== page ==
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Volume VIIIa - Sufi Teachings


CHARACTER is, so to speak, a picture with lines and colors which we make within ourselves. It is wonderful to see how the tendency of character-building springs up already in childhood, just as one sees in a bird the instinct of building a nest. A child begins by noticing all kinds of things in grown-up people, and then it adopts whatever it likes most and whatever attracts it. By this we understand that when a person is absorbed in himself he has no time for character-building, for he has no time to think of others. For instance, if even the greatest actors do not forget themselves on the stage, they cannot act. The musician, if he cannot forget himself while playing, cannot play well. As with everything else, the whole task of building oneself depends entirely on forgetting oneself; and this is the key to the whole of life. I have met people distinguished in art, science, philosophy, religion, in all fields, and found that they had all reached greatness by means of this quality, the quality of forgetting themselves; and again I have seen people with great qualities but who could not bring out the best in their lives because they did not possess this one quality.

I remember a vina-player, a very wonderful musician, who used to play and study many hours a day, but whenever he had to play before an audience he became self-conscious. The first thought that came to him was himself; and when that happened all the impressions of the people there would fall upon him. Generally he would then take his vina, cover it up, and run away. But on the other hand I have heard Sarah Bernhardt simply recite the Marseillaise, that was all; but when she appeared on the stage and recited this poem, she would win every heart in the audience, for at that time – it was during the war – she was France. What enabled her to be France was her concentration, her way of forgetting herself.

Character-building is much greater and more important than the building of a house, a city, a nation, or an empire. One might ask why it is so important, as it is only the building of our insignificant self, but many have built an edifice, or even a nation, and they are gone and there is no memory of them left. The Taj Mahal is one of the most wonderful buildings in the world. Those who see it – artists, architects – have a great admiration for it, but that is all; no one cares who made it; no one's heart is moved on account of the builder.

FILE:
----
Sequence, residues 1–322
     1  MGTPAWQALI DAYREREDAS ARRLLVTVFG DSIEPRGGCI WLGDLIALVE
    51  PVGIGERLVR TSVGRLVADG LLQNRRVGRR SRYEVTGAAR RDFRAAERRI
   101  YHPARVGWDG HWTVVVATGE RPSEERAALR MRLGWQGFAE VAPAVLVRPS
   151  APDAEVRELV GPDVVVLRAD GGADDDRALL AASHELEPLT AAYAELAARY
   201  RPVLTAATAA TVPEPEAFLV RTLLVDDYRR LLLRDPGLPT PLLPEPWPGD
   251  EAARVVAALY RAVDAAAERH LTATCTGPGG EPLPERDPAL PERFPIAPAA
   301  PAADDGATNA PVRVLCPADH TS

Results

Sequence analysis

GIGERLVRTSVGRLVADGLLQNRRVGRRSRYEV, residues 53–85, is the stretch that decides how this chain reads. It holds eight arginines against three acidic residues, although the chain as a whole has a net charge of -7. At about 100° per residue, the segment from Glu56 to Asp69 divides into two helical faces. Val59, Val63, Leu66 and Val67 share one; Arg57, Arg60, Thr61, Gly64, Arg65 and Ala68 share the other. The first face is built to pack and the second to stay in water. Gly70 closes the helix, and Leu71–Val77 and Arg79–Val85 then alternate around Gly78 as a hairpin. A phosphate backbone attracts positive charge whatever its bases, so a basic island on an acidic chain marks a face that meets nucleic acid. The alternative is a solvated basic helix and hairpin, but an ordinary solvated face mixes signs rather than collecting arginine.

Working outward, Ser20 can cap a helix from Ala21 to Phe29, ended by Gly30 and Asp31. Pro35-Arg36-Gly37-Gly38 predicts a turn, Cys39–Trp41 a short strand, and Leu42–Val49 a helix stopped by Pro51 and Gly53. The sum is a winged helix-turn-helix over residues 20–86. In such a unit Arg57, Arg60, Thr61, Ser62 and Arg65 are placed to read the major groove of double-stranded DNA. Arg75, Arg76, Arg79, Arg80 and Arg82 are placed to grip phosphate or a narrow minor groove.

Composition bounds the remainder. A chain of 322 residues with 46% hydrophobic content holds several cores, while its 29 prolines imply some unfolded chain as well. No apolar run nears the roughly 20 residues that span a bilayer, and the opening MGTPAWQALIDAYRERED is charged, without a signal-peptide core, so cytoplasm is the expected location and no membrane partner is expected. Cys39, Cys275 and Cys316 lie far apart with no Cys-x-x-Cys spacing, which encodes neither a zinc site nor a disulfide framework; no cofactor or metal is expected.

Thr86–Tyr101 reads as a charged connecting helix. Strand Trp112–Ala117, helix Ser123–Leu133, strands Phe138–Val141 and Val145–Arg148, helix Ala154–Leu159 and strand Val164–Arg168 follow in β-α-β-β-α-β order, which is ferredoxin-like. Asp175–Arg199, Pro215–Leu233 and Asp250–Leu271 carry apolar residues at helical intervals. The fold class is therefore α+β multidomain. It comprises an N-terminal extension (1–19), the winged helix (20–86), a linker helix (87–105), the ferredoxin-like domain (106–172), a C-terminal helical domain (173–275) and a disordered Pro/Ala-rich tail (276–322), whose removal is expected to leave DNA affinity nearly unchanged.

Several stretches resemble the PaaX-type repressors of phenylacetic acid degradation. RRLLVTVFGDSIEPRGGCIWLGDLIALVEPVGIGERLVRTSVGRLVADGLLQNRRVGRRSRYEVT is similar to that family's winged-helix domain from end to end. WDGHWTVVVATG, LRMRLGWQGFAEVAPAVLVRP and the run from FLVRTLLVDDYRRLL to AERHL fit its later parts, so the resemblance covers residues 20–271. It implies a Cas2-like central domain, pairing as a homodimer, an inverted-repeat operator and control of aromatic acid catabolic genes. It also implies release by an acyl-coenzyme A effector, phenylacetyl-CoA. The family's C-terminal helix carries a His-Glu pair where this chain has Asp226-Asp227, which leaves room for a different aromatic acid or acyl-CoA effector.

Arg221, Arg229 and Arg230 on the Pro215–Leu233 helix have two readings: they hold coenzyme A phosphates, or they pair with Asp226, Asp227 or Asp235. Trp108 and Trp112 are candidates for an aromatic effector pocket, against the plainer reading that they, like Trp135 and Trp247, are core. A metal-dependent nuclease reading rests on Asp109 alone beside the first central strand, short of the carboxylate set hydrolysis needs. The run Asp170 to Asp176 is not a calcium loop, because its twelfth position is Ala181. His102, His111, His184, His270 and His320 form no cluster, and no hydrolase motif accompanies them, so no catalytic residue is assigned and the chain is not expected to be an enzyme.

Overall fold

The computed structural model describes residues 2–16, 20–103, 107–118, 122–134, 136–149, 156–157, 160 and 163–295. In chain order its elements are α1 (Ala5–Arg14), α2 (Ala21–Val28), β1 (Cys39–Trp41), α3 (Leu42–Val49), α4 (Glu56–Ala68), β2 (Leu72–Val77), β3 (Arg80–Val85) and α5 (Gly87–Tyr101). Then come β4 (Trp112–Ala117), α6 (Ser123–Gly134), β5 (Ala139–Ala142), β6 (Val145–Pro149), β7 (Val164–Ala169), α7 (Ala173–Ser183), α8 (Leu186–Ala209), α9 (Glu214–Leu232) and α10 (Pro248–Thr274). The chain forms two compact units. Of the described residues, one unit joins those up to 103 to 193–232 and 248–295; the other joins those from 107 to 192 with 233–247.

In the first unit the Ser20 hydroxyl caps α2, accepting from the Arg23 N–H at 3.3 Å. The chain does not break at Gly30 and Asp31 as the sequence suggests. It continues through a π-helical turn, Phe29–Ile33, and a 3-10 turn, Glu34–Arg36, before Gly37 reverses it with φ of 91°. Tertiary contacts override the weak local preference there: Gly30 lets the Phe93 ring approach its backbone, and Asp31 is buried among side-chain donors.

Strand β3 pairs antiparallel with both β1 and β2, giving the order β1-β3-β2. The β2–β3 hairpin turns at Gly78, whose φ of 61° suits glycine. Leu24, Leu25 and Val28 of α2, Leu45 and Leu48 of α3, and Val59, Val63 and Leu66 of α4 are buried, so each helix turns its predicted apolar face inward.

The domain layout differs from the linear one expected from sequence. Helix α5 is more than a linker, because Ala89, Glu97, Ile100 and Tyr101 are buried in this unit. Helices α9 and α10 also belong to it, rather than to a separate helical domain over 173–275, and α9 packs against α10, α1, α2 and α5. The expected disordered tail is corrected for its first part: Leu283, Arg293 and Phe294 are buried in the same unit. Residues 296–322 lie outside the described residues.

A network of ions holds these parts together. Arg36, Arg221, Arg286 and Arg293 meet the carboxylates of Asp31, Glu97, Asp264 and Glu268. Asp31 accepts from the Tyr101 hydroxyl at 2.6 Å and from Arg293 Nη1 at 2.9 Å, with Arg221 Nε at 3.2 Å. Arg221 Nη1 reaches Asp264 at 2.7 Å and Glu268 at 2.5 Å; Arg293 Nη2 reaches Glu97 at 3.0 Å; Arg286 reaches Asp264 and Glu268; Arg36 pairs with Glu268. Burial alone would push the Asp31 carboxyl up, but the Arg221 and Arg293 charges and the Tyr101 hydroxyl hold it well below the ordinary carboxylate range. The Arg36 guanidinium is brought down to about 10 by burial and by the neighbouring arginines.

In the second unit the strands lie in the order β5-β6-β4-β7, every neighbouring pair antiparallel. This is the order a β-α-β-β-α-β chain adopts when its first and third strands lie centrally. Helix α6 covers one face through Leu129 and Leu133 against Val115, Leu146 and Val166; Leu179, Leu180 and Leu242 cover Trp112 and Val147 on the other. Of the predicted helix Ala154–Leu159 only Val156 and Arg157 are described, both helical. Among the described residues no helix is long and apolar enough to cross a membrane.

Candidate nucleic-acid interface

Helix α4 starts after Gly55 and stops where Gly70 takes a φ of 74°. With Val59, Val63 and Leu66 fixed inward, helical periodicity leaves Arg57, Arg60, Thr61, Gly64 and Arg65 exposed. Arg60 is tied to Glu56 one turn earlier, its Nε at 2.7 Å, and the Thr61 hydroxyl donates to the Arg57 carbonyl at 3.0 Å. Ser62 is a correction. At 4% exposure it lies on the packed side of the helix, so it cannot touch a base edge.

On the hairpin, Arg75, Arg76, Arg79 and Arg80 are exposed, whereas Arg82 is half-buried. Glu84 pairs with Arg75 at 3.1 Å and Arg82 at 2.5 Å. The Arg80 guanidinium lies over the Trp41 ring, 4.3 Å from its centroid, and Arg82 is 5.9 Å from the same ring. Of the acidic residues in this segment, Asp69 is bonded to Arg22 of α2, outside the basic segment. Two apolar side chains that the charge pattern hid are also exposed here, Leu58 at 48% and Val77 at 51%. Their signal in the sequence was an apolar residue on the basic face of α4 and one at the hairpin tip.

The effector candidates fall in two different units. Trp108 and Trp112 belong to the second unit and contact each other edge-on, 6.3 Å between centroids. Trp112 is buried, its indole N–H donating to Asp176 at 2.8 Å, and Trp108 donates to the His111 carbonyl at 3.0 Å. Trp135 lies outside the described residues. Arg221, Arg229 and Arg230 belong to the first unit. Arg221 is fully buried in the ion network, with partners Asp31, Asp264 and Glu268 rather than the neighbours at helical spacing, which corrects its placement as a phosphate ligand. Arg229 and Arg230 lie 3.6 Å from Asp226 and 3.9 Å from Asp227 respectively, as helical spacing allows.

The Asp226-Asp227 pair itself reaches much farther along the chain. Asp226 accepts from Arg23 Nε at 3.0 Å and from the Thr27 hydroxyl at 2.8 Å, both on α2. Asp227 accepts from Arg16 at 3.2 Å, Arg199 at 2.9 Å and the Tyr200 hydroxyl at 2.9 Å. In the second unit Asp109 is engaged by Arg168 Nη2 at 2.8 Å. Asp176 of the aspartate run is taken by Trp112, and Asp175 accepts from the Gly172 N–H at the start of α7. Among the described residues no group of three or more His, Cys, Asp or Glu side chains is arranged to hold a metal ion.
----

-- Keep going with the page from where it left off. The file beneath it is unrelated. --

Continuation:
To this day the Hindus repeat, early in the morning, 'Ram, Ram'; the Buddhists call on the Lord Buddha and the Christians on Christ. Why? Only because of the personality of these holy ones, of the magnetism that was theirs. The words of Christ spoken so many hundreds of years ago are remembered today simply because of his personality. It is not spirituality alone: there have been many majzubs who were very spiritual. They were united with God, but they have gone and no one remembers them. It is not piety: there are many pious people sitting in the mosques and the churches telling their rosaries. Their piety is for themselves; they cannot move the world. So if it is not spirituality and not piety, what is it then? It is the development of humanity in us.

This development concerns our intelligence, our heart, and our mind. It concerns the intelligence because if we have love, but no intelligence to know the pleasure of the beloved, then we can be a great lover, but our love will be of no avail. It concerns the heart, because if we have intelligence but no feeling, no sympathy, we may speak very politely, we may be very polished in manner, but if there is bitterness within, if we do not feel what we say, it would be better if we had not said anything. It concerns the mind, because if we have intelligence and feeling but no thoughtfulness, no sense of what is appropriate, we are ignorant. One may be well acquainted with European manners and decorum, but if one is sent to the court of an Eastern king, one will be at a loss. Or a person may know all the etiquette of an Indian court, but if he comes to Europe he knows nothing about Western ways.

It is a great privilege to be human, so that we can develop our humanity and be human in mind, in reality as well as in form. The privilege consists in being man, who is the ideal of God.

It is not the rock, which does not know whether a king or a beggar, a holy man, or a wicked person stands upon it. It is not the angels, who have no heart to feel with and for another; they feel the praise of God, they praise God. It is man who has been given a heart.

A Hindustani poet says, 'To become Nabi, a saint or prophet, ghaus, Qutb, is very difficult. What shall I tell you of the struggles of their life, since it is even difficult for man to become human?' Indeed, to attain to spiritual grades is very difficult. We should first try to become human. To become an angel is not very difficult; to be material is very easy; but to live in the world, in all the difficulties and struggles of the world, and to be human at the same time, is very difficult. If we become that, then we become the miniature of God on earth.